Summary of evidence

Large integrated health systems in the United States and research / data networks in the United States and Europe provide some of the leading examples on developing an LHS within primary care. We identified only one LHS that operates exclusively in primary care, which is a research-funded initiative in Europe, TRANSFoRm. It is not clear from the data sources how integrated TRANSFoRm is with healthcare delivery organizations, since their partners are primarily academic organizations [62,63,64,65, 79]. The PCORnet projects demonstrate the United States’ motivation to move towards a national-level LHS, yet many of these networks need to apply more rapid quality improvement initiatives to keep moving in this direction rather than relying on traditional research [76, 81].

We identified challenges to initiating or sustaining an LHS in primary care and some potential solutions to these challenges. However, these solutions were presented at a high level and may need to be described in more detail to be useful for other organizations and networks looking to apply them.

Implications and recommendations

Integrated health systems are at an advantage of having access to large amounts of healthcare data and delivering care to patients, compared to organizations that have access to healthcare data but are not directly responsible for delivering care. Furthermore, learning activities are generally funded by patient care revenue, so savings or improvements can be directly applied, thus providing an ideal platform for a self-sustaining LHS.

On the other hand, data networks develop the mechanisms and find the resources to link and analyze healthcare data, and although the data contributors to the network may be healthcare organizations, the networks themselves do not provide patient care, making it difficult for networks to directly develop interventions to improve care across all member organizations. This was why many of the data networks identified in this review did not meet our definition of a fully-functioning LHS. The data networks that were eligible provided some examples of using data to improve healthcare or at least plans for how they will become a fully-functioning LHS, but they generally showed less maturity than the integrated health systems. Network of networks, such as Optum Labs [72, 73], also use a different approach than the integrated health systems, which has some advantages and disadvantages. They provide a service for data integration and analysis, and a platform for collaboration and research. Although initial investments are required to establish these networks, they could become financially sustainable through the researchers and organizations who pay for their services. Similar to data networks, a disadvantage is their disconnect between healthcare provision and thus their limited ability to directly impact patient care at the system level, as compared to integrated health systems. For both types of networks, the separation between data analysis and responsibility for care improvement may limit their ability to design and evaluate effective interventions to improve care, along the same lines that integrated health systems have achieved.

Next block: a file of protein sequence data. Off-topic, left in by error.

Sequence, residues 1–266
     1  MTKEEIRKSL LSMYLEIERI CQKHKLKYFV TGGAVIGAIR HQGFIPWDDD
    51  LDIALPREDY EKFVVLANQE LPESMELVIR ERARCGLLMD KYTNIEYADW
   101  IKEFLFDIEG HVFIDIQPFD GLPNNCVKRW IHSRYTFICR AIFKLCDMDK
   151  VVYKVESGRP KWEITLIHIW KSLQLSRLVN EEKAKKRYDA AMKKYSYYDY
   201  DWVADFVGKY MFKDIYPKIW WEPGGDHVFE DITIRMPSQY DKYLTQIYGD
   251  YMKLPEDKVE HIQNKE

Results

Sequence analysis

The purpose of this review was to describe LHSs in primary care, however, we found most of the identified LHSs included other healthcare settings. This could be an advantage, since integrated organizations can apply learnings to the appropriate level more easily than primary care providers who are not closely linked to the rest of the system. Furthermore, many of the learning initiatives described included specific projects and not overall plans for whole system improvement in primary care. Geisinger is one of the longest established self-identified LHSs, and not surprisingly describes how their organization met all the criteria for an LHS, but even here there is little information on how this extends to the primary care setting [20]. Finally, the learning initiatives described in this review mainly include sequential research projects or quality improvement activities, but for an LHS to be as productive as possible it needs to move beyond sequential projects to continual improvement without sacrificing quality. NYU Langone Health seems to be moving in this direction with their rapid-cycle testing of various healthcare interventions using randomized clinical trials [39].

Limitations

There are some limitations of our review that should be noted. We used keywords for LHSs to identify eligible studies. However, this may have biased our review to identifying more LHSs in the United States where this concept is more established, rather than other parts of the world where organizations may not realize that they are functioning as an LHS. It was beyond the scope of this review to seek out LHSs that were not self-identifying as such, although we did find a few using our search strategy. This presented another challenge of identifying organizations and networks that are true LHSs that go beyond just a data network, as there is not a clear definition of an LHS in the literature that can be easily applied to assess organizations as such. We created a definition based on existing literature and then refined this through the current search as we identified organizations that exemplified this criteria. We recognize that our definition may be a simplification of the concept. For example, Geisinger identified nine criteria that are required for an LHS [20]. However, most of the identified data sources did not provide enough details to assess whether or not they met all nine criteria, so if we applied this definition we would have underestimated the LHSs included in our review. Furthermore, LHSs also exist on a smaller scale, including solo-practicing physicians who use their data to learn and provide better care, but this was beyond the scope of this review.